Doctors Trained at Cuba’s Famed Medical School Head to Standing Rock to Serve in Solidarity

Lead Photo: Photo: Miriam Wasser
Photo: Miriam Wasser
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For the foreseeable future, the weather at Standing Rock, North Dakota will continue to reach sub-freezing numbers. But the Standing Rock Sioux Tribe and allies have more to worry about than the elements. Their ongoing fight against the 1,172-mile-long Dakota Access Pipeline (DAPL) project – which runs through sacred lands and threatens the community’s sole water source – has subjected water protectors to increasingly gruesome attacks from law enforcement and private security hired by the oil company. Between mace, security dogs, and water cannons aimed at protestors in 26-degree weather, there’s real concern about protesters’ safety.

As the December 5 deadline for demonstrators to evacuate the campsite looms, doctors trained at Latin American School of Medicine (ELAM) in Cuba are getting ready to head to North Dakota to provide medical assistance. According to teleSur, the group of US-based doctors will arrive at Standing Rock “to humbly serve in solidarity with the Sacred Water Protectors on the front lines of the current human rights and ecological crisis occurring right now in North Dakota.”

ELAM graduate Dr. Revery P. Barnes explained that going to Standing Rock is their duty. “We answer the call to serve in alignment with the mission and core principles of our alma mater and dedication to our commitment to serve underserved communities in our home country. While Cuba instilled in us an unwavering commitment to internationalism, with the acceptance of a full scholarship to medical school at ELAM, we made the moral commitment to respond to the needs of our most vulnerable communities here at home in the US.”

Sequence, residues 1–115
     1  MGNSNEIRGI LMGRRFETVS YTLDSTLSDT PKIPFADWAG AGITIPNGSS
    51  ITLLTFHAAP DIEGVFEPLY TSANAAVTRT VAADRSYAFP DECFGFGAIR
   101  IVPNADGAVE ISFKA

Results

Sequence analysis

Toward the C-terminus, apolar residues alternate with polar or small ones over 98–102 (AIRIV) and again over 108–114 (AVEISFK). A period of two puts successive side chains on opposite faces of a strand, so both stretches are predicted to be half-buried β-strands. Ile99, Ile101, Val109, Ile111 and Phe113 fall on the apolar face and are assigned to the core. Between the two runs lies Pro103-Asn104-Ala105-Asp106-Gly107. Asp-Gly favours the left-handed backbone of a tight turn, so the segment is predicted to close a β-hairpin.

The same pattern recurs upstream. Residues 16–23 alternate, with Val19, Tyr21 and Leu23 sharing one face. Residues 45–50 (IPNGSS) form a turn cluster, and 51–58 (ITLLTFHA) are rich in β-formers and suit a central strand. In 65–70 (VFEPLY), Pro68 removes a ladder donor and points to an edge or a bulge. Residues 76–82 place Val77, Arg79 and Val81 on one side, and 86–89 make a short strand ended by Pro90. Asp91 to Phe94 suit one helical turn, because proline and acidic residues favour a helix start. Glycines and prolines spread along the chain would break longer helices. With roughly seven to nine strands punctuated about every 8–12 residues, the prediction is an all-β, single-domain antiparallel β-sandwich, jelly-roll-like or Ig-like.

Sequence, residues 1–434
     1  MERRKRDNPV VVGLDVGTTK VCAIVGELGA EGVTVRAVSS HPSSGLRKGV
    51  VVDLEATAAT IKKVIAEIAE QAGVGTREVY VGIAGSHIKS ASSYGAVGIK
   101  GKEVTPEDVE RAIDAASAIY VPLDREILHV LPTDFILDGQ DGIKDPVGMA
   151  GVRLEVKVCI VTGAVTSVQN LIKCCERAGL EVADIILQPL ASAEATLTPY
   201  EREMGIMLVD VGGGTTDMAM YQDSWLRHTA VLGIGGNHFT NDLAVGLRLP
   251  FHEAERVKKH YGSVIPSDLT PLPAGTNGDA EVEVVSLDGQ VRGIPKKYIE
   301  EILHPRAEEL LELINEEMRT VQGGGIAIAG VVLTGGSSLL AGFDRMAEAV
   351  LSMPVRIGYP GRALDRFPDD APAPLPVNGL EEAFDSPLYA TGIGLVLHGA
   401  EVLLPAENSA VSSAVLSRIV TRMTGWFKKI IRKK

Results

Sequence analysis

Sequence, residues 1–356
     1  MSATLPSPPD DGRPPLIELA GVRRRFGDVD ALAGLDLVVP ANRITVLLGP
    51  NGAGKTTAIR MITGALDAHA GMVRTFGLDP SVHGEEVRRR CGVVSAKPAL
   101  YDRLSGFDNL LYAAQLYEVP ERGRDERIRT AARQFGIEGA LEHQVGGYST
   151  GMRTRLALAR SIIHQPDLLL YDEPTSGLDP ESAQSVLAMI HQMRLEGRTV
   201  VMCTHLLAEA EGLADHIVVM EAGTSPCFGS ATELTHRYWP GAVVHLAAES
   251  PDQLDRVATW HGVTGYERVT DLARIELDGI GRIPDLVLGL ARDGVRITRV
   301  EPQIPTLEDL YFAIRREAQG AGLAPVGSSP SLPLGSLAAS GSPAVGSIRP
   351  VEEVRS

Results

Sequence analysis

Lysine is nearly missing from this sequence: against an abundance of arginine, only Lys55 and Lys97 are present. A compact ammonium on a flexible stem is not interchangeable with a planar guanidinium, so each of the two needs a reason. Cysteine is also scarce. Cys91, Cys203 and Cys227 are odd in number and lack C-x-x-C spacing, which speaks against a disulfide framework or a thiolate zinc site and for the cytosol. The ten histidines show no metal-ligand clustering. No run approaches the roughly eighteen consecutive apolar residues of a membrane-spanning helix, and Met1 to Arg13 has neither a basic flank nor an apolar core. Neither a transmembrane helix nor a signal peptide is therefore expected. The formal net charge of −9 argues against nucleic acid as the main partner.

As Wired reports, ELAM – established in 1999 – offers free tuition, room, and board to both Cuban and international students. The school caters to low-income international students – offering them a free six-year education before they return to help their communities. Since its inception, more than 100 Americans have attended ELAM.

The ELAM alums headed to the protest site will work closely with the Standing Rock Medic and Healer Council. Just this week, the council said that the Morton County Sheriff’s Department and DAPL security have contributed to “war-like creations.” There’s no word on how many doctors will offer medical assistance in Standing Rock or when they’ll arrive. But as protesters continue to face an uphill battle, the worst is probably yet to come.